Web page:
Earlier this year I was commissioned to photograph some local builders for this summer’s Parade of Homes. I have worked with the West Texas Home Builders Assoc before but this time I proposed we change things up a bit– Put a new look on the portraits and the book design. You see, in the past, these portraits were very formal: The images were head and shoulders, wearing a suit and tie in front of an old masters brown background. (You can see the previous look at the end of this article) They looked very nice and professional, but it did not match the style in which the parade magazine and website was designed or some of the modern architecture that these contractors were using.
I suggested we go with black and white images, with a stronger light quality and more casual clothing for the builders and show more body. A presentation that is more in line with a clothing or commercial image than a traditional head shot. Below is the result.
The lighting for this was not complex but it did have some purpose. Grey seamless was used as the background and I wanted a natural vignette on the background so I used a 5′ Octa-box with a soft grid to illuminate the background. This source gave me a large hotspot on the background with a nice soft falloff. My main light was an overhead 3′ octa-box again with a grid to keep light focused just on the face of my subject, again providing a natural fall-off of light. I chose to use the 3′ box for two reasons. One, being a medium-sized source, it created a crisper light quality, keeping in line with the commercial fashion inspired look. Two, it created a nice round catchlight in the eye. Finally, a 1×4 strip box with a soft grid was placed opposite main and 1.5 stops less than the main to add a kiss of separation and dimensional rim light.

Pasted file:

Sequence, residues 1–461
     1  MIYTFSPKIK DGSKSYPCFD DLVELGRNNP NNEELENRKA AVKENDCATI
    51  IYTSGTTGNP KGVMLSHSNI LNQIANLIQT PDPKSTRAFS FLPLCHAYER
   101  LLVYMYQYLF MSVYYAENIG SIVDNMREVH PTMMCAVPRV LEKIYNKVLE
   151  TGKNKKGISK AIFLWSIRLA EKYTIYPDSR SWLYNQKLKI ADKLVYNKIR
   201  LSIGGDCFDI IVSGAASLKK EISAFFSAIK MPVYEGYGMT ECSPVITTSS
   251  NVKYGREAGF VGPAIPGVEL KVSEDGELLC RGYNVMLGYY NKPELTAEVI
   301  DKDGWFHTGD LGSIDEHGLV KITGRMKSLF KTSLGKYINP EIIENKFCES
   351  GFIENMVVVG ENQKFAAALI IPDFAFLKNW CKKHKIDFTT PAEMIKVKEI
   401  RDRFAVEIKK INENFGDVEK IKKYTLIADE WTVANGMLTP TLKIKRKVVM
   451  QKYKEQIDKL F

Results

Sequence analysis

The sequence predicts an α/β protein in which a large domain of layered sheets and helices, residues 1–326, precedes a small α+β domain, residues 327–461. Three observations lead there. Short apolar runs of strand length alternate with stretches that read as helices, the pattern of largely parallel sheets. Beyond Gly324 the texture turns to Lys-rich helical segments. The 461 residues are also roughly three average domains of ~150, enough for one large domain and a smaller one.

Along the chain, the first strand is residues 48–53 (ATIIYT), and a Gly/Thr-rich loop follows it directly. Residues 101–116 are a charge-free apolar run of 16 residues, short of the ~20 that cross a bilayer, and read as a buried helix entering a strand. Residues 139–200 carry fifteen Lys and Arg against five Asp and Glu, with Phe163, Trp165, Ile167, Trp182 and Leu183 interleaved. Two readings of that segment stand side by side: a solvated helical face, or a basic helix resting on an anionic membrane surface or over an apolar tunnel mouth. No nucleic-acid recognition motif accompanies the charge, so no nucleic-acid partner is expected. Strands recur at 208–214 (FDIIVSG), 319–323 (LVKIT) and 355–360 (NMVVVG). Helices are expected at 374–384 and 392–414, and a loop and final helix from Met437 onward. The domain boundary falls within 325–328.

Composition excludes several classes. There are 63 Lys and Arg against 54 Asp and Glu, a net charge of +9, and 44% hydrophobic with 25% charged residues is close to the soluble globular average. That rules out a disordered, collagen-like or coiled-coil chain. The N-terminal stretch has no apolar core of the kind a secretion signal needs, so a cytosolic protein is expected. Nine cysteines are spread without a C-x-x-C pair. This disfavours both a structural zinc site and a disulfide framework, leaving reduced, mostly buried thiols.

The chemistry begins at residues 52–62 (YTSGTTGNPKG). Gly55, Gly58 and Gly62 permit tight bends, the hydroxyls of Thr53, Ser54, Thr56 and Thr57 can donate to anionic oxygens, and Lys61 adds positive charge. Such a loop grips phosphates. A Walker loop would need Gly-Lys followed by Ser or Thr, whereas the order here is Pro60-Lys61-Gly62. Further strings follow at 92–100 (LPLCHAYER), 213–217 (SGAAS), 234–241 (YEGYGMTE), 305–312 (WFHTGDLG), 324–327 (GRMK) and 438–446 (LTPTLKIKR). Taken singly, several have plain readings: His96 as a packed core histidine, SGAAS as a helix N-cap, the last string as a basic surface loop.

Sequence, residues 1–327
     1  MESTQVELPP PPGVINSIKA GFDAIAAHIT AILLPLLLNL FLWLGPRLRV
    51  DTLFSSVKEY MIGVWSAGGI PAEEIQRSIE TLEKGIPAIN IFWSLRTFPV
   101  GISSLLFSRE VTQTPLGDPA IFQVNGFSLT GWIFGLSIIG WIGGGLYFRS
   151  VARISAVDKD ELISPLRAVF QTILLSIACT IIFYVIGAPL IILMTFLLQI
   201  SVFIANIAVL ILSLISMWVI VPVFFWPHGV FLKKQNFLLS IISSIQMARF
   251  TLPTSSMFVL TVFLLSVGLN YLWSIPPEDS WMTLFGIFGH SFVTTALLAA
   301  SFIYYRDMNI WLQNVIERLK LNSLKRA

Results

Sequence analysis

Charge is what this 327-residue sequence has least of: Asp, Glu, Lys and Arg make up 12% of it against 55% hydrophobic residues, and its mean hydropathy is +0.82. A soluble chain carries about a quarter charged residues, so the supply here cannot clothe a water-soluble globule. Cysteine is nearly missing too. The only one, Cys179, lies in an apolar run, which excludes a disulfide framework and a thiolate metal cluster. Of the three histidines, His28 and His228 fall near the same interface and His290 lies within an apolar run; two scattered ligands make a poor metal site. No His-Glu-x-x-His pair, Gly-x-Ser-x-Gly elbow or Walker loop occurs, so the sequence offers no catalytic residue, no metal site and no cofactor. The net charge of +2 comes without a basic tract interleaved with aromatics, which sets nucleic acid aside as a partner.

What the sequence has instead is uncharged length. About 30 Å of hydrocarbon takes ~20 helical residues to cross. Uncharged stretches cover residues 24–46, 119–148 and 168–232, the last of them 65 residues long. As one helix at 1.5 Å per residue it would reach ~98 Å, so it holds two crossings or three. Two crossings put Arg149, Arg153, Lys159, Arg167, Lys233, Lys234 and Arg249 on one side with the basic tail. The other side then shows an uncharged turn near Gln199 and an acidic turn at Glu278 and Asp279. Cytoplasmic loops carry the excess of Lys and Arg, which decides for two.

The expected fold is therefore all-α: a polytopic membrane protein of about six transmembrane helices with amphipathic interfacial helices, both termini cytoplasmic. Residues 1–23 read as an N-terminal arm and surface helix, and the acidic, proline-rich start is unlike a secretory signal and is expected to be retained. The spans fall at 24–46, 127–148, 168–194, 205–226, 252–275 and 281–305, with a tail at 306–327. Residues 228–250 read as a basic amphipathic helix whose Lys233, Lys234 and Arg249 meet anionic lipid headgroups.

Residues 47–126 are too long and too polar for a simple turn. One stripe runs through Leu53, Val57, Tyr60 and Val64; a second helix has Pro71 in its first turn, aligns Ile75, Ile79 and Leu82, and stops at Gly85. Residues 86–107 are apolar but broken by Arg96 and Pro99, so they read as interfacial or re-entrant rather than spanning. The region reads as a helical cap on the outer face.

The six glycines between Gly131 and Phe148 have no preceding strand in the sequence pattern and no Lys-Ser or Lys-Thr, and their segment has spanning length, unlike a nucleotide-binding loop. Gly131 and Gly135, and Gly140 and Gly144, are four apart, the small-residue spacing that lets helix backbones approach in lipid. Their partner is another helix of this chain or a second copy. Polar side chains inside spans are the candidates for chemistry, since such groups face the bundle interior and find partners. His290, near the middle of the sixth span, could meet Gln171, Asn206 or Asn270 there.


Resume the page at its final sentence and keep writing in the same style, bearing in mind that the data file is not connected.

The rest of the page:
On the floor you will see some posing blocks. I use these quite often, especially with men as it forces them to get into a more relaxed position. I will often have them put one foot on a block. This relaxes the upper body and puts the weight on the back foot of my subject, which works well in posing both men and women. You can find this lighting example as well as dozens more on our Lighting For Sales mobile App.
Each builder came in for 5 minutes, we captured about 7 images and they picked their favorite from my iPad that was connected via the CamRanger. Oh yeah, they loved them too.
The moral of this blog is simple. Do not be afraid to take the lead in a session or an assignment. They have hired you for a reason. You are the expert and your clients trust you to deliver the best for them. If I were to hire one of these builders, I would most definitely make suggestions to what I prefer in my new home, but I would also trust them to make the best decision based upon those suggestions.
As mentioned, I have done this project for the past 4 years. What I failed to mention above was that I was only photographing any new contractors that didn’t previously have an image, and matching that image to the old style mention before. By suggesting a different route for these portraits, it not only gave the publication a new, fresh look, it forced every contractor to come to my studio, see my work, meet me and get a new portrait. That was 35 opportunities to market and introduce myself to these business owners. Not to mention, I was compensated more than in previous years. Below are a few more from the project. Happy creating, Cris.
Here is what had been done in previous years.